They’re simply designed that way to replicate the original format, and while they can still be collector’s items, they’re usually nowhere near as valuable as a true first edition.

Sometimes, a BCE will have a sticker stating it’s a BCE, or there might be a signifier on the back of the book close to the spine.

Also, if your book is a modern hardcover with a dust jacket, check to see if there’s a price. Many publishers now list the price directly on the dust jacket, but a BCE doesn’t.

Identifying Contemporary First Edition Books

So, assuming your book doesn’t have any of the features I’ve mentioned above, here are some clues to look for when determining if it’s a first edition.

1. Look at the Number Line

During the 1940s, many publishers began including a ‘number line’ (also known as a ‘printer’s key’ or ‘publisher’s code’) in books, making identifying which print run it belongs to a lot easier.

If your book has a number line, you’ll find it on the copyright page, which is usually on the second or third page from the front cover.

Frustratingly, there’s no industry standard for number lines, and different publishers use different formats. The numbers can be arranged in ascending, descending, or alternating order, and sometimes they’re not numbers at all; they’re letters of the alphabet.

All that being said, most number lines resemble this format: 1 3 2 4 5 6 8 9 7 10, with spaces between each number.

There are two general rules of thumb to follow here.

The lowest value number in the line represents the print run, and if a ‘1’ appears anywhere in the number line, it’s probably a first edition.

So, using our example above, 1 3 2 4 5 6 8 9 7 10, this book would likely be a first edition and a first print run. These are the gold standard, TRUE first editions that can often sell for a small fortune.

After the true first edition, with each new print run, the printer removes the lowest number in the line.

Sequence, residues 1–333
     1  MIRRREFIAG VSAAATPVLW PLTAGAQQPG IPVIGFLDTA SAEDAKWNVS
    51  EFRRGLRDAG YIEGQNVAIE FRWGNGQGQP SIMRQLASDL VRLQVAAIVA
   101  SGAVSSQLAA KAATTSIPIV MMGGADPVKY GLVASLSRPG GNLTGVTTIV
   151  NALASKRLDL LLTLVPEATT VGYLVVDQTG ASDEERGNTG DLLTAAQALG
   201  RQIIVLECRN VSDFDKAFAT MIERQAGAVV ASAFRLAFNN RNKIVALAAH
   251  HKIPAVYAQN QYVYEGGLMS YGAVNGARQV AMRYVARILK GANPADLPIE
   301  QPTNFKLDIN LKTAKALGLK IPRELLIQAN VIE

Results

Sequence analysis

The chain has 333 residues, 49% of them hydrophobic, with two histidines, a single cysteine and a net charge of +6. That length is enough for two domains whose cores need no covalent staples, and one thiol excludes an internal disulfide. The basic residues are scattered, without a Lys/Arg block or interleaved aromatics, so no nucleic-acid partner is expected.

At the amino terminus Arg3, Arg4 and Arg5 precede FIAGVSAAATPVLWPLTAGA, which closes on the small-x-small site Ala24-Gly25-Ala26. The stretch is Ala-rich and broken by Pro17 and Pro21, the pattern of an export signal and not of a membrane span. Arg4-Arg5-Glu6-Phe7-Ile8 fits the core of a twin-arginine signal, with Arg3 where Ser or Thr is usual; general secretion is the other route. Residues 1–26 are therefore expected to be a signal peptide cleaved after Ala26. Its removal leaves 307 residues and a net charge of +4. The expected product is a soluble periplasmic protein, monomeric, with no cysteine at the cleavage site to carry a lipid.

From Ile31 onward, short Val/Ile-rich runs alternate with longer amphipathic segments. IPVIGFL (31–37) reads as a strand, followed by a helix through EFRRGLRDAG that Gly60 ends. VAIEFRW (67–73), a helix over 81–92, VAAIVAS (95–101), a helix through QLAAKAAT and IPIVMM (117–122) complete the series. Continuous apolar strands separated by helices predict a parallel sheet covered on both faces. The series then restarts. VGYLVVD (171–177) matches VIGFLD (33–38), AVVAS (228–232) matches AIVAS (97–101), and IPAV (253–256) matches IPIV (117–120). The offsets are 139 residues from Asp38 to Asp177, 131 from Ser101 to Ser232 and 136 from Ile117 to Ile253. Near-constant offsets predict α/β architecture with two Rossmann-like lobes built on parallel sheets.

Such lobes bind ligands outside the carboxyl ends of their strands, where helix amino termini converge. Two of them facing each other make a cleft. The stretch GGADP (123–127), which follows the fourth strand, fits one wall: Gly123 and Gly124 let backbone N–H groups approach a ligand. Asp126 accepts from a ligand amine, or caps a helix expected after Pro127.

So, using the same example, the number line for the second print run would read:  3 2 4 5 6 8 9 7 10, and the third print run would read:  3 4 5 6 8 9 7 10.

But remember, just because a book is a second or third print run doesn’t mean it’s not still considered a first edition. It’s just not a true first edition (e.g. the first edition AND first print run.)

All this can be a little confusing at first, so let’s look at another example:  2 4 3 5 6 8 9 7 10.

This sequence indicates that the book is a second print run, but it doesn’t give us any indication of whether it’s a first, second, or third edition.

So, to find out more, we’ll have to look at some other clues…

2. Check The Copyright Date

If the year of copyright is the same as the year the book was first published, this is a good indication that your book could be a first edition.

3. Look For The Phrase “First Edition”

In an ideal world, all publishers would indicate a first edition book with the words ‘First Edition,’ but unfortunately, that’s not the case.

Still, many publishers do, so it’s worth checking the copyright page to see if this all-important phrase is listed.

Important note:

Some books are originally issued exclusively in hardback, and a paperback edition comes later. And occasionally, the reverse is true. Only the first issue will be considered a true first edition.